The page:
We El Reg readers are most keenly aware of this.


      2. imanidiot Silver badge

        Re: It's not really about the mice.

        Humans are filthy, filthy animals. You don't even need to go to space to know that.

        1. Jellied Eel Silver badge

          Re: It's not really about the mice.

          Little known fact: After the mould problems on Skylab/Soyuz, the SALT-II Treaty was passed banning the use of FOBS (Fractional Orbital Blob Suprises). One of those cases where the truth was hidden in plain sight, and cover given as a nuclear thing, rather than salt being effective against most small, non-aggressive slime moulds in space. But not the more aggressive mutations evolved in space, and certainly not against 10-tonne blobs dropped from orbit onto New York or Moscow. Banning from orbit was the only way to be sure.

  7. I ain't Spartacus Gold badge

    Did you miss something off that list of cargo?

    What about the Christmas presents for the ISS occupants? After all, they've not got a chimney for Santa to come down - or much in the way of down...

    1. Jay Lenovo

      Re: Did you miss something off that list of cargo?

      Santa's Russian elves said they were drilling holes in the capsule... naughty list.

      Instead of lumps of coal, moldy mouse food, but Santa's helpers reconsidered.

  8. Rudolph Hucker the Third

    I didn't get where I am today without insisting on mold in my diet. Those psycho-active mushrooms are a good addition to the Stilton from Ye National Cheese Emporium's stock as well. The mice can wait their turn, I'm first in the queue to get spaced out.

    (Cracking cheese Grommit)

  9. andy gibson

    Can't see the problem myself. If it is indeed "moldy" they should be in for a treat:

  10. Andytug

    I should hope they're treating the mice right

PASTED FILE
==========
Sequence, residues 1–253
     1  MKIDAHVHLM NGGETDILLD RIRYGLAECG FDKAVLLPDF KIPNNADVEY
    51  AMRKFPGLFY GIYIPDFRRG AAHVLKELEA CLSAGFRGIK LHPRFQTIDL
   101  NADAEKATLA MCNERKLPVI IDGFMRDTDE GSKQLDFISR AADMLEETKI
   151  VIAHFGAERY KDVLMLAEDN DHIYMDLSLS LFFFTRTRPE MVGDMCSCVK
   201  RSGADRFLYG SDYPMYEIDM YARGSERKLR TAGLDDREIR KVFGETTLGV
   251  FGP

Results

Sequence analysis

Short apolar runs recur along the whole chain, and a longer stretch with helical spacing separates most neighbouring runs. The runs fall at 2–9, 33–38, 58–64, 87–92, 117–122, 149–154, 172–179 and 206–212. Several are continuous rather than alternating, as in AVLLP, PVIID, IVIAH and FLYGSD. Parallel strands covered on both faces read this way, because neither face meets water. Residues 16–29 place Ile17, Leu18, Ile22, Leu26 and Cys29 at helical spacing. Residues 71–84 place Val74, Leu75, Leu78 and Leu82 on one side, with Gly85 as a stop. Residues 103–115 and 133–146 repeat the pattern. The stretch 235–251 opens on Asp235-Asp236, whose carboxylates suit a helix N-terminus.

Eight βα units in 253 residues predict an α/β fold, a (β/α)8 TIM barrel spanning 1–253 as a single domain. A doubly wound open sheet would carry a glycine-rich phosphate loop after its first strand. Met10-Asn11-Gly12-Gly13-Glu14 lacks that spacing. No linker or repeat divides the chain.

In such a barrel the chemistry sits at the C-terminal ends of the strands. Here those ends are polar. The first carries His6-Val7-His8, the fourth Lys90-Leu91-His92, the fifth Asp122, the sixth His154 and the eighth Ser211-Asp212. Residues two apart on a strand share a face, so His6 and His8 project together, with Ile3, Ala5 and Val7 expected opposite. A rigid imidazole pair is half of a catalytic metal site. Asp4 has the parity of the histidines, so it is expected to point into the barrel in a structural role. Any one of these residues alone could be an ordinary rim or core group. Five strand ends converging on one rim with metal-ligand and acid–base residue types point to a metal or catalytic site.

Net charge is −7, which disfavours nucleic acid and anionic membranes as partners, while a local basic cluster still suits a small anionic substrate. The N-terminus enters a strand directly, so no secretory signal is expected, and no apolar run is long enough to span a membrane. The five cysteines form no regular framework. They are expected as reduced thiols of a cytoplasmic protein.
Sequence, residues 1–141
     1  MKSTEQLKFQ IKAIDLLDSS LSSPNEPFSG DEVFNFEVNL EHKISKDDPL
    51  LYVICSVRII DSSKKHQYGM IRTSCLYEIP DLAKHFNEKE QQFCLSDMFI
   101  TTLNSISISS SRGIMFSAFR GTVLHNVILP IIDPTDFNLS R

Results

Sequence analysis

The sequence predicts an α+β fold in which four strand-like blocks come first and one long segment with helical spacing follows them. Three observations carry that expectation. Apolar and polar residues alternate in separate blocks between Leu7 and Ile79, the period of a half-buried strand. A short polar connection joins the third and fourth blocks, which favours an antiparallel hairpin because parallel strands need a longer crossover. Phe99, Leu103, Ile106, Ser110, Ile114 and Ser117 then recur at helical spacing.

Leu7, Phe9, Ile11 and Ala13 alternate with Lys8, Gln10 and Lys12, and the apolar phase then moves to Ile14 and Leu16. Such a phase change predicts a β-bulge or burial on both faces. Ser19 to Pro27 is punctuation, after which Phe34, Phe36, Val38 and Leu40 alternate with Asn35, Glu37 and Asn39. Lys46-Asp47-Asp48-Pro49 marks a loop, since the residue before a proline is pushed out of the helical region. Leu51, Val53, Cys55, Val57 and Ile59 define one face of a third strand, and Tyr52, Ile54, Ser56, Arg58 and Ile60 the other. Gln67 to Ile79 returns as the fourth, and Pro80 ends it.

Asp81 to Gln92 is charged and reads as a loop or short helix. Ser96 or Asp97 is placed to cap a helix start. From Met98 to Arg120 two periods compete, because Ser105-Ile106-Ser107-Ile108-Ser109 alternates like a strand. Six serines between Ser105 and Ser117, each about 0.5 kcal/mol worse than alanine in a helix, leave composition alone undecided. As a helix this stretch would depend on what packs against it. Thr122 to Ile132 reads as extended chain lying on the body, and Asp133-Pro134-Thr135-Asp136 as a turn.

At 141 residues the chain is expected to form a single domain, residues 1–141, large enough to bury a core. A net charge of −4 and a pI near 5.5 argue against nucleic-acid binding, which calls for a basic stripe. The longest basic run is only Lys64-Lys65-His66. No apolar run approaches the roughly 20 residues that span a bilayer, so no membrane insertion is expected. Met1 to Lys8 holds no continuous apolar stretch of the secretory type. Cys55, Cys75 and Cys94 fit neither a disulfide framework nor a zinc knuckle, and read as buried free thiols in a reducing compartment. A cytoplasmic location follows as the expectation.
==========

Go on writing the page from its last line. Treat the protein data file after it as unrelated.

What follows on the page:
After all they ordered the building of Earth.......... #adams

  11. Wellyboot Silver badge

    Flightpath takes the Dragon over uk

    Cloudy again :(

  12. WonkoTheSane

    First stage landing was... damp

    It did NOT crash, it just went a little off course and gently landed upright in the water, just a few metres offshore, before toppling slowly over. There was no RUD involved. SpaceX have an intact booster to study.

    1. Hopalong

      Re: First stage landing was... damp

      Elon even thinks that they will be able to re-fly it, but on SpaceX missions (Dragon 2 abort?)

      1. imanidiot Silver badge

        Re: First stage landing was... damp

        I doubt they'd risk it for a Dragon 2 flight. They're on a time crunch there and I doubt NASA would like them using this booster and risking a failed test (RUDing the booster doesn't give valid results if it happens before MaxQ).

        I also have my doubts they'll be able to reuse it in the first place. Musk was very sure of himself when he tweeted, but that's before they've seen the actual booster. That thing toppling into the water like that must have done some damage to the (top) interstage section.

        1. AdamT

          Re: First stage landing was... damp

          Seems like the towing process has been a little fraught as well, so it might be in salt water longer than they were hoping. Various local Twitter users report that they are using "GO Quest" and a tug to try and recover it but both ships were out all night waiting for daylight, stopping it drifting too far and keeping other vessels away. You can see the tracks of GO Quest here: which look a little convoluted...

          1. imanidiot Silver badge

            Re: First stage landing was... damp

            maybe they ran into the same problem they had with one of the earlier soft landed boosters where they can't depressurise the tanks properly, preventing them from getting too close.